A true boost in consumer spending would also show up in sales dependent on credit cards and cash, as well. In other words, most families' incomes haven't rebounded enough to let them feel they can buy whatever they want. That will continue to put downward pressure on measures of economic growth, such as GDP.
Russia extended its grip over Ukraine this weekend, as camouflaged troops and local rebels took over city halls and police stations throughout the east. That area is home ethnic Russians who don't want to be part of the European Union. However, those Russians were moved there by Joseph Stalin 50 years ago to strengthen the Soviet Republic's hold on the area. (Source: BBC, Ukraine Crisis: What Is Happening Where?, April 14, 2014)
President Vladimir Putin denies his involvement. However, many small countries bordering Russia are now in fear of annexation. The EU is unlikely to defend them, since it depends on Russia for half of its gas. Many European businesses have profitable operations in Russia. Others sympathize with Putin, who is defending Russia's borders from encroachment by NATO.
The U.S. has already frozen assets and blocked visa for everyone who has "impeded democracy, contributed to violence or engaged in corruption in Ukraine." In addition, the U.S. Department of Energy is considering whether to lift bans on exports of natural gas to Europe. The U.S. will allow exports if Putin shuts off Russia's supplies to Europe and Ukraine. Congress put together $1 billion in loan guarantees, further sanctions, and support for loans from the International Monetary Fund.(Source: CNN)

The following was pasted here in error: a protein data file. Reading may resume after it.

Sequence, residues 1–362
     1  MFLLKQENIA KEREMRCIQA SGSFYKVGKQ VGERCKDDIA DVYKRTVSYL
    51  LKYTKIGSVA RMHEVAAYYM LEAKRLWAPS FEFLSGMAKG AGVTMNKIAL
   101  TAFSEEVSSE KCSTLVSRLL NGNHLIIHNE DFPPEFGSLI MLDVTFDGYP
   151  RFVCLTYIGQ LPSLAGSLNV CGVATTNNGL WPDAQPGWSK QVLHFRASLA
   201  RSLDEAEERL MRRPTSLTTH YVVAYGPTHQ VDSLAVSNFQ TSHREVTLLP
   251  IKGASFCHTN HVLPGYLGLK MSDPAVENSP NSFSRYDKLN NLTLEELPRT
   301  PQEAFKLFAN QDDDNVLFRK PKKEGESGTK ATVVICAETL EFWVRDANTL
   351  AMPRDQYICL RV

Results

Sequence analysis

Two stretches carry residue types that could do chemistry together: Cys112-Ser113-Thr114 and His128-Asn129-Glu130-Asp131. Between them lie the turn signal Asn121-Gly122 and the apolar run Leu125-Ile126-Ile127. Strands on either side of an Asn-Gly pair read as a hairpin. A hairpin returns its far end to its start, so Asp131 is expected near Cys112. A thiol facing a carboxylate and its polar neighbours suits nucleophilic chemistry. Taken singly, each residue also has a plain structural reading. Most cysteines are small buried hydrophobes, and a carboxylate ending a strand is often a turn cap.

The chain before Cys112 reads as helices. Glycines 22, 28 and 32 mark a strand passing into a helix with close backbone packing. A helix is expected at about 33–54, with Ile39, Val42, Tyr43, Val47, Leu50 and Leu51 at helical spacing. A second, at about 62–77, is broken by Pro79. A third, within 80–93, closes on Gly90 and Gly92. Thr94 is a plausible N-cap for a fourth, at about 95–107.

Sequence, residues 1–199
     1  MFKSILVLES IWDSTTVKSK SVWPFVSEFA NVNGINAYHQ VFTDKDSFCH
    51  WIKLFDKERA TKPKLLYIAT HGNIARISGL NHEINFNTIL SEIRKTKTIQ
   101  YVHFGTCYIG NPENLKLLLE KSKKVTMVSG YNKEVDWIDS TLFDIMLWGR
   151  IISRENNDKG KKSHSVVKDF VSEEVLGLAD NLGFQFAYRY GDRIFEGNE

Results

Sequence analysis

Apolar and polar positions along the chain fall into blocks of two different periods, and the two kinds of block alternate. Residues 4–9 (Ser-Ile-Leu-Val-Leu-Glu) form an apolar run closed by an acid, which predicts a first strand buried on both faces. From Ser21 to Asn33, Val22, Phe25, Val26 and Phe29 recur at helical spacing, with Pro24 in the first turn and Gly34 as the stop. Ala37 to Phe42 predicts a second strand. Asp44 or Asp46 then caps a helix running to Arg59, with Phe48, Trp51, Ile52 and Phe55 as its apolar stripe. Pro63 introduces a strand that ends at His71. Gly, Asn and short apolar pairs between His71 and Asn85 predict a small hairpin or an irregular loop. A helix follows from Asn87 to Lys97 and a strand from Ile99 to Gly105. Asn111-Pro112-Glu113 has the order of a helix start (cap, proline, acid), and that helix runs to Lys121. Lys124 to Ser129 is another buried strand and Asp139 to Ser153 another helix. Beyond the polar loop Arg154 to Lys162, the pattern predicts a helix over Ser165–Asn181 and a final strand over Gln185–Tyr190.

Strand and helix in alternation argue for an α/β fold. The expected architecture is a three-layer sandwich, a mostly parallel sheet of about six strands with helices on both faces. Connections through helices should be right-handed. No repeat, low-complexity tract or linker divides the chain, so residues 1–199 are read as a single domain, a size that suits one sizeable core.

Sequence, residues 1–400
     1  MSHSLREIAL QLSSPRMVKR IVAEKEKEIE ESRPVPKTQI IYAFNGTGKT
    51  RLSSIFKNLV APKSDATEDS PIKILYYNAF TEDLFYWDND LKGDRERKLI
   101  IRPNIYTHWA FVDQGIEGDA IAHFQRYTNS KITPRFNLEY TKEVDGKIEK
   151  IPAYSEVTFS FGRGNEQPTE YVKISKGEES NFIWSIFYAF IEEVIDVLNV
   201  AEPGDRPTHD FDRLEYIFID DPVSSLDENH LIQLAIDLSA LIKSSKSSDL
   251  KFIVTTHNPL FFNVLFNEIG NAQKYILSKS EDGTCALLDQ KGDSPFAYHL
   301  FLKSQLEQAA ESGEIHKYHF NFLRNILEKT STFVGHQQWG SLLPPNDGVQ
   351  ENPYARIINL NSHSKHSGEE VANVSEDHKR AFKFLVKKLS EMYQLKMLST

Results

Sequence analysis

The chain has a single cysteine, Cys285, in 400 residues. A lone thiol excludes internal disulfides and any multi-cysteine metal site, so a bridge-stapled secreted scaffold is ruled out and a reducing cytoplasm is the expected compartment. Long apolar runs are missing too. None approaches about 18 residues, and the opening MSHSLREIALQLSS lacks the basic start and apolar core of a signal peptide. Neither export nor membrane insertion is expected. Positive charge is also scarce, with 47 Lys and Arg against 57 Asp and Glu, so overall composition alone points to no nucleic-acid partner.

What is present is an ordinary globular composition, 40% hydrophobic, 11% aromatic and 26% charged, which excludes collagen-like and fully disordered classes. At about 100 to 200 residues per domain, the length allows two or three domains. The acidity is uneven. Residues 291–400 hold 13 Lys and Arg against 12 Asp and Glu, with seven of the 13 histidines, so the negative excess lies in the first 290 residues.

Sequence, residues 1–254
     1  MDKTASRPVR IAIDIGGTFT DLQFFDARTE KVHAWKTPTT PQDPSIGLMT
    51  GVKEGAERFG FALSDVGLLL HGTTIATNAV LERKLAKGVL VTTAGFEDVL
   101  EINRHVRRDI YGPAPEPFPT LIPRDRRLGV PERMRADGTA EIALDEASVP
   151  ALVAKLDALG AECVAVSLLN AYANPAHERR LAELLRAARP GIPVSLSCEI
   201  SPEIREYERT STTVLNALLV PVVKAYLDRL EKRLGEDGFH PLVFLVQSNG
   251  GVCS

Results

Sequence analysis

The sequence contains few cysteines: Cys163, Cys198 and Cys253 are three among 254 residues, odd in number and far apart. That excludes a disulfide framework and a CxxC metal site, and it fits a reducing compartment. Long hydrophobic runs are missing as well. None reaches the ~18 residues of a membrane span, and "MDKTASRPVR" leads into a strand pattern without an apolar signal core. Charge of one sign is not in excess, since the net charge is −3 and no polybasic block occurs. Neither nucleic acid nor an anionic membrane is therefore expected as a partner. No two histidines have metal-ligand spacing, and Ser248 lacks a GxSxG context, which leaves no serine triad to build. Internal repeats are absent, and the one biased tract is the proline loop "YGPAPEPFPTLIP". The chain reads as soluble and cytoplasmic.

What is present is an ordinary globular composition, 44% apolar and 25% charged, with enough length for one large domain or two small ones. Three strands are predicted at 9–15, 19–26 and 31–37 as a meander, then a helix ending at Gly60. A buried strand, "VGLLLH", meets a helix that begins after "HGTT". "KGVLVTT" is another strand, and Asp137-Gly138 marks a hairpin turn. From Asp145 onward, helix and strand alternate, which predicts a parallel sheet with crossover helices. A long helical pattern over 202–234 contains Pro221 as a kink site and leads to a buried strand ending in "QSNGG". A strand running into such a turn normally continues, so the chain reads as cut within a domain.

This follows Russia's annexation of the Crimean peninsula in March, which protects Russia's port access to the Black Sea. In addition, Crimea contains natural gas reserves, which Ukraine planned to develop in two years in a partnership with U.S. companies. If Ukraine did this, Russia lost one of its largest customers. However, annexation worries 260,000 Muslim Tatars in Crimea, who were subjected to ethnic cleansing during the Soviets rule. They were forced to move to Central Asia, where half of them died. Crimean Tatars peacefully supported Ukraine's Orange Revolution. ( Source: WSJ, Crimea's Tatars Try to Keep Their Resistance Peaceful, March 11, 2013; Fox Business News, Interview with former Georgia President Saakashvili, March 4, 2014)
Putin responded to the February 23 overthrow of Viktor Yanukovych, who was an ally. The pro-West faction of Ukraine's Parliament took over the government, setting up new elections for May 25, and installing Oleksandr Turchynov as the country's temporary leader.
The crisis occurred because Yanukovych mismanaged the budget, forcing Ukraine to ask for financial help. First, it appealed to the EU, then Russia. The political unrest occurred at this point, because those who want to be closer to the EU objected when that solution was abandoned. Russia's military strike support Yanukovych's return to Kiev and closer ties to Russia.